India's cricket board said Tuesday it has sold the broadcast rights of the IPL tournament for the next five seasons to global media giants for an eye-popping $6.2 billion.
"IPL is now the 2nd most valued sporting league in the world in terms of per match value!" tweeted Jay Shah, Board of Control for Cricket in India (BCCI) secretary, announcing the results of a hotly contested three-day online auction.
The amount paid for the rights to one of the world's most watched sports contests dwarfs the $2.55 billion that Star India paid in 2017 for the previous five seasons to 2022.
Star, owned by US behemoth Disney, retained the domestic TV rights for the coming five seasons of the annual two-month competition from 2023 to 2027 for $3.01 billion, the BCCI said.
But the digital rights were auctioned off for even more -- $3.04 billion -- reflecting the expectation that more people in India and abroad will watch the matches on digital devices.
The buyer was Viacom18, a joint venture between Reliance -- owned by Indian tycoon Mukesh Ambani -- and US group Paramount Global as well as an investment group reportedly backed by James Murdoch.
"So digital turned out to be bigger than linear TV this season in #IPLMediaRights," BCCI treasurer Arun Dhumal wrote on Twitter.
"I would like to thank all the participants for their interest in the best 'Made in India' sports property!"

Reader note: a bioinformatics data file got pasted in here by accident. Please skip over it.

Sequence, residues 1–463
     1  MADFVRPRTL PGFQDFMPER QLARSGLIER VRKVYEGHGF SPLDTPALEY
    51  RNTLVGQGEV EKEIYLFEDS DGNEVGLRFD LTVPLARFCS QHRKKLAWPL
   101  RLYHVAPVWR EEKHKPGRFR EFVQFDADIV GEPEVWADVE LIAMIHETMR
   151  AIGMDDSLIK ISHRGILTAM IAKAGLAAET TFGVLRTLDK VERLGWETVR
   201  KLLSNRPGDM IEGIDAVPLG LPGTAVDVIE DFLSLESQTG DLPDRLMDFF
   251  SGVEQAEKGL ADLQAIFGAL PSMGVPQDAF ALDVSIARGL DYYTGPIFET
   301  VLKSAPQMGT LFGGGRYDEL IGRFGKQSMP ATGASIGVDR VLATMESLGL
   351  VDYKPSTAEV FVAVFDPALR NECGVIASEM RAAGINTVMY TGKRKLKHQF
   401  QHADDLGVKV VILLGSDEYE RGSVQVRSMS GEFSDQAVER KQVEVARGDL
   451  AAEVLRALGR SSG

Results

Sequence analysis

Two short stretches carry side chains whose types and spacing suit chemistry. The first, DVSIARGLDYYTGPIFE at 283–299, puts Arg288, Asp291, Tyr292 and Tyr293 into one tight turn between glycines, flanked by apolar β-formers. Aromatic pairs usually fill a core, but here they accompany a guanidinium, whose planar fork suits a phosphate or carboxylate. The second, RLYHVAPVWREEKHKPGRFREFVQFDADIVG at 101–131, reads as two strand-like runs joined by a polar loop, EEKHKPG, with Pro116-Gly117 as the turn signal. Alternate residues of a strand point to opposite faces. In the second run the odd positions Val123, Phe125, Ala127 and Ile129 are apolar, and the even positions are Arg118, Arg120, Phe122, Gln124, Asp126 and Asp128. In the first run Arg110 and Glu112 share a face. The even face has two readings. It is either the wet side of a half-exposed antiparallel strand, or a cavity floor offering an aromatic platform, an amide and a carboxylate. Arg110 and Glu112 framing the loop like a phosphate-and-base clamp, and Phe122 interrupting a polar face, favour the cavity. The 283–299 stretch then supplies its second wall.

Also sold were the international broadcast rights, split between Viacom18 and the international arm of India's Times Group.
Attracting some of world cricket's top stars with bumper salaries, the pioneering IPL helped make Twenty20 -- a shorter format of the sport -- hugely popular, attracting hundreds of millions of viewers and spawning copycat events worldwide.
Last season it expanded to include 10 franchises battling it out in 74 matches, climaxing in a final in the world's biggest cricket stadium in Ahmedabad in front of 105,000 fans -- and millions more watching on television and smartphones.
Also in the auction for the rights was Japan's Sony, which televised the IPL for the first 10 years after its inception in 2008.
Jeff Bezos's Amazon, which has spent hundreds of millions of dollars on rights for European soccer and American football, had earlier reportedly shown interest in the IPL but pulled out.
The deal is a major win for Ambani, Asia's richest man with a net worth according to Forbes of $97.6 billion who is reputedly a confidante of Prime Minister Narendra Modi.
Reliance's multi-billion-dollar fortune was made in oil and petrochemicals businesses, but it has diversified into new areas including telecoms, retail and renewable energy in recent years.
Reliance shook up the Indian telecom sector with the launch of Jio in 2016 with ultra-cheap data and calls, forcing several competitors to throw in the towel after years of losses.
Major global players such as Google, Facebook, Intel have invested billions of dollars into Reliance's digital unit, Jio Platforms, in recent years.
Ambani's wife Nita Ambani owns the Mumbai Indians franchise in the IPL, the richest and most successful side in IPL history with five titles to their name.
"Mr Ambani is all set to redefine the contours of OTT (over-the-top streaming services)," Sandeep Goyal, managing director at advertising agency Rediffusion, told AFP.
"But it could well be redefining not just OTT, but entertainment, cricket consumption, customer connectivity, e-commerce and a lot of other stuff, which is interconnected to this whole game of having such massive viewerships in your control."